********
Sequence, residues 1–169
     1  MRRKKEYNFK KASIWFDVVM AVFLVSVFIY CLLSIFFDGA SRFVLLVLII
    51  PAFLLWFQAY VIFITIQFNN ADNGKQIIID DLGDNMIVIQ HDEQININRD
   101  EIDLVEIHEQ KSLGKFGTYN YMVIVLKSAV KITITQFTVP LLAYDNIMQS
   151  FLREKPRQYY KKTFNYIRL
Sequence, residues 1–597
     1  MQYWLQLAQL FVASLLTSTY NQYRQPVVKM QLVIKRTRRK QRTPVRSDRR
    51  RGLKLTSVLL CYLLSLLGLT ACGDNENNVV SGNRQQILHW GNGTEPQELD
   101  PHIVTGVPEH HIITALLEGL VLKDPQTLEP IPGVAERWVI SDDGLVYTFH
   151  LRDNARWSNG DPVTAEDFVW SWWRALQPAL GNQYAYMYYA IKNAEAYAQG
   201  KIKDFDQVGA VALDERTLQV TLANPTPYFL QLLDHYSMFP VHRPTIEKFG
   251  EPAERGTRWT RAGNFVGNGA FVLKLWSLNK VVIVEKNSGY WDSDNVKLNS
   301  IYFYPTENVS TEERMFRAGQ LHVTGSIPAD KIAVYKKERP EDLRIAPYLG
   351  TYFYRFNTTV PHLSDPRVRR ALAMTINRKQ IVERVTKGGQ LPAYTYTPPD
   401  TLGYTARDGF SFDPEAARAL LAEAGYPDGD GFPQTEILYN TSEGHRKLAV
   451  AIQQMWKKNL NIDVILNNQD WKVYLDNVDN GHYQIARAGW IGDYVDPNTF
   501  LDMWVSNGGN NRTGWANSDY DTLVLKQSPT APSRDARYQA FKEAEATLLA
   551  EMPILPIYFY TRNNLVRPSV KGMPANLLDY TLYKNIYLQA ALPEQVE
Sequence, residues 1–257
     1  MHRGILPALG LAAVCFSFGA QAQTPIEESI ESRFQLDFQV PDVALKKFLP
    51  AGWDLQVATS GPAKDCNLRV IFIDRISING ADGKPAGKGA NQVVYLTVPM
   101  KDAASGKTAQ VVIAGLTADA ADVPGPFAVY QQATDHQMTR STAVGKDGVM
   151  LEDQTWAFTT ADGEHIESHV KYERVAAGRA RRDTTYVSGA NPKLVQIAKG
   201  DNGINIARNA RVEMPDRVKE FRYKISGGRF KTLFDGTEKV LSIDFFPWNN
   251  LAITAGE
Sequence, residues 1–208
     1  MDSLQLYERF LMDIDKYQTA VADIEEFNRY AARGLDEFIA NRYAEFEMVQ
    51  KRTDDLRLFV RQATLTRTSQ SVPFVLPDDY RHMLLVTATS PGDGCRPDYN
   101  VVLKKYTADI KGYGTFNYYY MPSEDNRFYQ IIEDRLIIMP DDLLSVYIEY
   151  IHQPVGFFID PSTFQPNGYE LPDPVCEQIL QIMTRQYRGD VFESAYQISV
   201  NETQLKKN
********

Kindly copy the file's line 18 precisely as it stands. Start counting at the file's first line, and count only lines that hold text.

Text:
   551  EMPILPIYFY TRNNLVRPSV KGMPANLLDY TLYKNIYLQA ALPEQVE